Inspired Ideas
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Inspired Ideas

Conversations with an Elementary Music Teacher

Part 3: Lessons Learned from Remote Learning

This blog is the third installment of a recorded interview between Gregg Ritchie, Curriculum Specialist at McGraw Hill, and Kelly Lynch, an elementary school music teacher in Texas. You can find Part 1 of the interview here, and Part 2 of the interview here.

In this installment, Gregg and Kelly conclude the conversation by reflecting on teaching music to elementary students remotely and discuss lessons learned from remote learning about technology and classroom management.

Gregg: Looking back to remote learning, were there any specific things you adapted to allow for remote learning, to still promote camaraderie, the making of music together, but without the luxury of being in a circle or doing a dance, or using manipulatives?

Kelly: We adapted some games where normally you would hold hands, obviously now we’re not holding hands anymore. For a dance, rather than doing the dance, we might now show the form of the song with tennis balls — the kids are still having fun, and eventually we can get back to like what we used to do, but also, they’re having a lot of fun with the tennis balls.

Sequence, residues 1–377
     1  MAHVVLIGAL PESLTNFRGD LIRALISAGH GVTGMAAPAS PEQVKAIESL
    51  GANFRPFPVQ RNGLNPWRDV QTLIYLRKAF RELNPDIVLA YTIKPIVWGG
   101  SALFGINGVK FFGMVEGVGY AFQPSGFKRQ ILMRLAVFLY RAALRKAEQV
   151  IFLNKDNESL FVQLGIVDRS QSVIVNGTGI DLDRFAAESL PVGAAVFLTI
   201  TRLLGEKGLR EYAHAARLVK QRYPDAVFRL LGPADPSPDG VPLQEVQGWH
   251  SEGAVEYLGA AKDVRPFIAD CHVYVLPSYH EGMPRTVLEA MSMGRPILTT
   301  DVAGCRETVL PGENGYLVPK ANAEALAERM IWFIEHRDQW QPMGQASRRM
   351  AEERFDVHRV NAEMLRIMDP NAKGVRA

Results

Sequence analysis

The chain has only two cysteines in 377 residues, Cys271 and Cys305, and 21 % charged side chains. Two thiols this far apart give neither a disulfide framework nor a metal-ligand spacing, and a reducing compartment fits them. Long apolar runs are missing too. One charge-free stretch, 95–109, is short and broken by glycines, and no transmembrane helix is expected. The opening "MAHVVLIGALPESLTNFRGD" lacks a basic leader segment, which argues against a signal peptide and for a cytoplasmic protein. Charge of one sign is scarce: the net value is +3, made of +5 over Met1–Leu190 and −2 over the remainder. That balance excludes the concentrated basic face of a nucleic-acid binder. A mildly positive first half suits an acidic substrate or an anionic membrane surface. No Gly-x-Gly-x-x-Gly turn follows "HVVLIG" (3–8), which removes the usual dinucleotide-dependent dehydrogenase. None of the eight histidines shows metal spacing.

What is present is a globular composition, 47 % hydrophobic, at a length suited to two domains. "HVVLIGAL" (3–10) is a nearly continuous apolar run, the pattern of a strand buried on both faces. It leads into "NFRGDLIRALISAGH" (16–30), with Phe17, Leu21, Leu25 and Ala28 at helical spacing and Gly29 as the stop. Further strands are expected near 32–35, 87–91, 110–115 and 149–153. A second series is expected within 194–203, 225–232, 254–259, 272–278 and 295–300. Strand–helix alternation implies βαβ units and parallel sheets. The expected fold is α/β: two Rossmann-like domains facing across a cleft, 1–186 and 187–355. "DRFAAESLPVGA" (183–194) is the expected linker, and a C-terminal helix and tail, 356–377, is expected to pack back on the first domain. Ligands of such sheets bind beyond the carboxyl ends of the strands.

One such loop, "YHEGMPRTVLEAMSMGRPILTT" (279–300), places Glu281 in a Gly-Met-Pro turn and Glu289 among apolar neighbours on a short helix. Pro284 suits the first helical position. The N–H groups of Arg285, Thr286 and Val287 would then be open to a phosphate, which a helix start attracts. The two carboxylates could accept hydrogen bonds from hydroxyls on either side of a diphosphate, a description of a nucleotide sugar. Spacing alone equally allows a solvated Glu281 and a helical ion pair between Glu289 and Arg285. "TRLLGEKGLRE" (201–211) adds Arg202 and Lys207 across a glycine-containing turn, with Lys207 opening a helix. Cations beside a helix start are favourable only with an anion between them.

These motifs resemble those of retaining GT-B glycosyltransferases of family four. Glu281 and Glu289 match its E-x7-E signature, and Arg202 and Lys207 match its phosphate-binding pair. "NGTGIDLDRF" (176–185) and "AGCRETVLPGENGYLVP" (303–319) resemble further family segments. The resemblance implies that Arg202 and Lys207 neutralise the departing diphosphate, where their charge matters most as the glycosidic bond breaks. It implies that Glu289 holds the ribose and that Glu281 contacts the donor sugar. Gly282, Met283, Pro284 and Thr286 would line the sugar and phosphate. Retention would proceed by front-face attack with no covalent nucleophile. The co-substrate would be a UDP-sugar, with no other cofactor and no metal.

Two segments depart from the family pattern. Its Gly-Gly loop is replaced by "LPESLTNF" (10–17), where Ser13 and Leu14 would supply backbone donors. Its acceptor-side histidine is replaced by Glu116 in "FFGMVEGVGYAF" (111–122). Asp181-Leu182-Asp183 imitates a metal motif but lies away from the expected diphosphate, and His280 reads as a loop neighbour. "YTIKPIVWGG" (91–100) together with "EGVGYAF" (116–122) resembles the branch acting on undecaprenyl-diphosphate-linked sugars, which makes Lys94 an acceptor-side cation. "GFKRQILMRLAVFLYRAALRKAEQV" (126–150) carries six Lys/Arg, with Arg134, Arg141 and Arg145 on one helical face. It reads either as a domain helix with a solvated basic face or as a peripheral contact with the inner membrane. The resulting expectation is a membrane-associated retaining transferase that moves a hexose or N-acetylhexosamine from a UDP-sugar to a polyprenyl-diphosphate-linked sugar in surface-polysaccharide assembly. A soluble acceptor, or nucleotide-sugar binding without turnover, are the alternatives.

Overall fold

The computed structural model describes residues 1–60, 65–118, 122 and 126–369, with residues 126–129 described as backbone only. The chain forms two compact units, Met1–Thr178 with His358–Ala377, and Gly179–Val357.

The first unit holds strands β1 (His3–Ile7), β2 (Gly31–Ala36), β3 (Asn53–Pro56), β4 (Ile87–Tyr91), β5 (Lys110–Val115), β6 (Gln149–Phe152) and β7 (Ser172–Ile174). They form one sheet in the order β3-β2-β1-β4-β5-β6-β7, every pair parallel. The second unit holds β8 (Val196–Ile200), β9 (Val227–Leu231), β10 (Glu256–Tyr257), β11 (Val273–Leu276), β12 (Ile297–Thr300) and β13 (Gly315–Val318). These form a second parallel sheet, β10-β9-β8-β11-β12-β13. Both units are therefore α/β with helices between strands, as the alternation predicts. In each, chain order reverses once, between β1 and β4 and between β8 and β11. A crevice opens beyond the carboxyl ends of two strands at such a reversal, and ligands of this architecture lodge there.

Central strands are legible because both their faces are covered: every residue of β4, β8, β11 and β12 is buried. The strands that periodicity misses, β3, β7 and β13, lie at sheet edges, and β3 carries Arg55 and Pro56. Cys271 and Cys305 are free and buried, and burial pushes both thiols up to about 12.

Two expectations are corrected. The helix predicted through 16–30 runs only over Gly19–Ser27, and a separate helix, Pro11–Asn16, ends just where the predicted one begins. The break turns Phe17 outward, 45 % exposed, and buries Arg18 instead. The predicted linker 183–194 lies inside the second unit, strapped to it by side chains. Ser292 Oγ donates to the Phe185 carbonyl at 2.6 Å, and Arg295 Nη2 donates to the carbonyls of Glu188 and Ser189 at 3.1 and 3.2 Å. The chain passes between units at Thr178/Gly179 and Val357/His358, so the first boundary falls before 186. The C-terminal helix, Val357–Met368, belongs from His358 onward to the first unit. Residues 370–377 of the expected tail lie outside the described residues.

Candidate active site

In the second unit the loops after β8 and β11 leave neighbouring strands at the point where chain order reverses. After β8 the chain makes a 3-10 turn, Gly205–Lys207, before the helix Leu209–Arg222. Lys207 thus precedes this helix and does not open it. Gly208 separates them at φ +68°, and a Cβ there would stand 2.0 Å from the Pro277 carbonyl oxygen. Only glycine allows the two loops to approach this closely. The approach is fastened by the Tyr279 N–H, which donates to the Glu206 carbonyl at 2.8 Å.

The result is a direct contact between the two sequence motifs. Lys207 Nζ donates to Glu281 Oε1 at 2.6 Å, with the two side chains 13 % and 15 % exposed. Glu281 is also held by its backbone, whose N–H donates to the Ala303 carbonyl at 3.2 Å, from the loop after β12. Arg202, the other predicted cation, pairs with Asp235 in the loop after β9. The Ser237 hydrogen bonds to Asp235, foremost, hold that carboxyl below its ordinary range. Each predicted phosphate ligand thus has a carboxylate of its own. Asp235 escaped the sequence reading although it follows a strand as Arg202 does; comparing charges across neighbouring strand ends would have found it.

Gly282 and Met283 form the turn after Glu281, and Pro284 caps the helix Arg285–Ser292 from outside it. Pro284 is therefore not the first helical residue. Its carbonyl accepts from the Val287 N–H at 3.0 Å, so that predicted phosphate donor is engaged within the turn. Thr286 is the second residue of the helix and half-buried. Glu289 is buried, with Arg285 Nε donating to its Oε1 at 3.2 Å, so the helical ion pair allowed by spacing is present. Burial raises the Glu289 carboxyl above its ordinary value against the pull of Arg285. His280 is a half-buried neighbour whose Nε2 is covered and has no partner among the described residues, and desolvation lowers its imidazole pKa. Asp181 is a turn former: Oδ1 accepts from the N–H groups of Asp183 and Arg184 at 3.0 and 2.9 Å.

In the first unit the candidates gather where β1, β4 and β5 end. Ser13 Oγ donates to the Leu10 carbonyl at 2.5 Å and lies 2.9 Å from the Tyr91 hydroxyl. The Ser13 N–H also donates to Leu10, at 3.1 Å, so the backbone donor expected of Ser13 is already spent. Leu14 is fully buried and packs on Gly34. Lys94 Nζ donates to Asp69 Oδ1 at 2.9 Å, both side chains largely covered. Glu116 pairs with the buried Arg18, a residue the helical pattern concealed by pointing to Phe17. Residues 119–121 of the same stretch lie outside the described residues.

When I saw them last year and I was teaching on a cart I would see them for a week at a time, so each child got their own bag of music stuff, they would use it for the week and then I would put it away. I was fortunate that I only had about two classes per grade level, so I could make like a class set, then I would put it away for a week, clean it, bring it out the following week.

We were doing things on Chromebooks, and we often used Google Classroom and Google Slides. I’ve brought some of that technology over for in-person teaching this year. In a proper and natural music lesson, there’s often this flow that happens, where the kids don’t really know what’s coming next, one thing simply transitions into the next. But now, back in the classroom, I found that kids miss not knowing what’s coming next.

Through the computer, they would see everything in the slide show that I used to put on the white board that had been in front of them. They could look ahead, and they enjoyed seeing what’s next. We might have focused on a particular rhythm to then transition into a song, and they would know what that next song is in advance.

Now, being in-person and not using Google Slides as much, I have a written schedule, showing the new song when appropriate, because the kids liked seeing the entire lesson, learning with the next step, or end, in mind.

Some teachers might be annoyed by that, or they would want to block it from the kids seeing a schedule. But my kids might know we’re going to sing and play “Naughty Kitty Cat” because they can see the cat manipulative on the next slide. And I’m like “yeah, so let’s keep doing what we’re doing and then we’ll get to that!”

Gregg: That’s amazing!

Kelly: This was all a learning curve for me. Also, when I was teaching and trying to push other stuff out to share with them, I also did it in Google Slides, with a lot of like videos of me teaching whatever I was teaching at that time. I still push everything out to Google classroom that I would have last year.